by Joan H. Allen
It was a packed house at the National Action Network’s 25th Anniversary Convention’s Plenary Session for Democratic Presidential Candidate Hillary Clinton’s speech. Rev. Al Sharpton addressed the press.
“When we say, ‘yes’ and ‘amen,’ that’s not a heckler,” he quipped. “When the media asks, ‘why did Secretary Clinton come to NAN?’ It’s because [presidential candidates have] been doing that for over a decade.”
Although Sharpton said that he had not yet endorsed a candidate, he sang Clinton’s praises.
“We’ve known each other for over 20 years,” said Sharpton.
They haven’t agreed on everything, Sharpton admitted, citing the President Bill Clinton’s 1994 crime bill. However, when they’ve agreed, “she’s not been ashamed or anyway stepping back, as she did when, Amadou Diallo was killed by police. She took a public stand.
“Although I haven’t endorsed a candidate, I wish to make this clear: the issues need to be dealt with in a substantive way…Black America must be taken seriously…and not given slogans that can’t be explained how they can be achieved. Because nobody can win, unless we vote seriously.”
Sharpton then introduced the mothers and widows of victims killed by police: Kadiatou Diallo, Amadou Diallo’s mother; Esaw Garner, Eric Garner’s widow; Gwen Carr, Eric Garner’s mother; Lesley McSpadden, Michael Brown’s mother; Sybrina Fulton, Trayvon Martin’s mother; Constance Malcolm, Ramarley Graham’s mother; Valerie and William Bell, Sean Bell’s mother and father.
It was not surprising that there was such a strong presence of these mothers and families of Black victims. They were among the first to have shown their support of Clinton and she has worked with some of them through the years. Clinton who had paid tribute to them in February said, “It was a great honor spending time with them.”
As if in response to the sentiments expressed by the earlier panel, “2016: A Transitional Election Year with Much at Stake,” Clinton stated, “If we’re gonna ask African Americans to vote for us, we cannot take you or your vote for granted. We can’t just show up at election time and say the right things and think that’s enough. We can’t start building relationships a few weeks before a vote.”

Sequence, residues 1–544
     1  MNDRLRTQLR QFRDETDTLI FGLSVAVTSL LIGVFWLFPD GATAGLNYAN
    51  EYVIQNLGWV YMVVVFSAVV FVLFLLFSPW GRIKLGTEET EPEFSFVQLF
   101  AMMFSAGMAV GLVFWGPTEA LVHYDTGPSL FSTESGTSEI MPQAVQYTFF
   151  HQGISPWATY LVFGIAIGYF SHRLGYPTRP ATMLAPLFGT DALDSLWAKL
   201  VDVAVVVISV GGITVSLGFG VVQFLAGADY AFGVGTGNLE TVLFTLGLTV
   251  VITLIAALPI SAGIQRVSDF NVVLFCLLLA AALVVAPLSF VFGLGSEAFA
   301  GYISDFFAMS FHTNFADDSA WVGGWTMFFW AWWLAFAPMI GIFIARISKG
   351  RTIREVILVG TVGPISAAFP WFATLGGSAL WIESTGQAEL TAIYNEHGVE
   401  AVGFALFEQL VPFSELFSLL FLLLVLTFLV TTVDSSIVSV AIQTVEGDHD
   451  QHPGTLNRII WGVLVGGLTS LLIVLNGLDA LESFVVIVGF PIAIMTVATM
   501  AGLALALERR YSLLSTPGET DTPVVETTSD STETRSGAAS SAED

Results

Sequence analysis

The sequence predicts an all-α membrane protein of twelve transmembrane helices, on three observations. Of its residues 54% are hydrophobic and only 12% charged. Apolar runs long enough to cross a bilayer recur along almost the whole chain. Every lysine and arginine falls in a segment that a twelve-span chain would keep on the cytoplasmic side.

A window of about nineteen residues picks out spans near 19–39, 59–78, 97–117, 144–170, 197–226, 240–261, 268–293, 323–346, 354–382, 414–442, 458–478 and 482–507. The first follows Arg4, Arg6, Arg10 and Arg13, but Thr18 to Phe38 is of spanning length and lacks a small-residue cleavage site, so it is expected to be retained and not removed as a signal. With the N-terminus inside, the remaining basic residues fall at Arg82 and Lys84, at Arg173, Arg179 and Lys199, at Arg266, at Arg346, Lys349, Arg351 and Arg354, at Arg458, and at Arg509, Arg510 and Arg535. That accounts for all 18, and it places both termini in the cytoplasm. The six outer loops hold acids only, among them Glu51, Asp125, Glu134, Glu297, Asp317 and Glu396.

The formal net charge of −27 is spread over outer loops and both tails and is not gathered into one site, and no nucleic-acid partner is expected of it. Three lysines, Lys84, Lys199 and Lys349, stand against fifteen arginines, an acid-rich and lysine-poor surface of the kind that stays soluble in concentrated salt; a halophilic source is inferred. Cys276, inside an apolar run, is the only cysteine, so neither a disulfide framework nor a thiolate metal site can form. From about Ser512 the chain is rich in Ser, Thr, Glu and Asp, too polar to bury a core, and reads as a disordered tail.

Her strong position on the issue of gun violence is one of the few key areas that distinguishes her from her Democratic opponent Sen. Bernie Sanders, which she addressed. “My opponent does not see it the same way, but I think this a national emergency. And I’m going to do everything I can to take on the gun lobby and try and do everything I can to save lives.”
Clinton continued: “There’s something wrong when gun violence is by far the leading cause of death for young Black men. There’s something wrong when Black kids get arrested for petty crimes, but White kids for the same crimes don’t…Something’s wrong when so many Black parents are burying their children… and it’s a time we face up to systemic racism in all its forms. Race still plays a significant role in determining who gets ahead in America and who gets left behind. Race is the single biggest factor determining whether you live near a toxic site, from ‘asthma alley’ in the Bronx to ‘cancer alley’ in Louisiana.”
It is for this reason Clinton announced she is not only proposing reforming the criminal justice system, she’s also proposing a major $125 billion plan to revitalize communities of color and places where poverty remains stubbornly high. She also announced a new plan for environmental justice to get rid of lead in Flint, Michigan and everywhere else in five years.
However, Clinton was quick to remind attendees of her Republican opponent Trump’s divisive campaign and she called the Republican frontrunner out, stating, “when he was asked to disavow David Duke and other White supremacists supporting his campaign, he played coy and the list goes on. And everyone [can] see this bigotry for what it is. It’s up to all of us to repudiate it.” Coming to the defense of New Yorkers, Clinton said, “our diversity is our strength not our weakness.”
Clinton shared how being introduced to Marian Wright Edelman, the first Black woman admitted to the Mississippi bar and the transformative experience working for her at the Children’s Defense Fund, straight out of law school. It was there that she saw how her faith in working for social justice and change could become a viable career. “Whether I was investigating Black teens being incarcerated, segregated academies, or running legal clinics for prisoners and poor people. It was all a part of the same mission to fight injustice and even the odds for those who had them stacked against them.”
Clinton’s closing remarks were met with thunderous applause.
“I have worked on these causes all my adult life,” she said. “I am gonna keep going at it no matter what.”
Joan H. Allen is the associate publisher of the Daily Challenge and a member of the National Newspaper Publishers Association. Learn more about becoming a member at www.NNPA.org.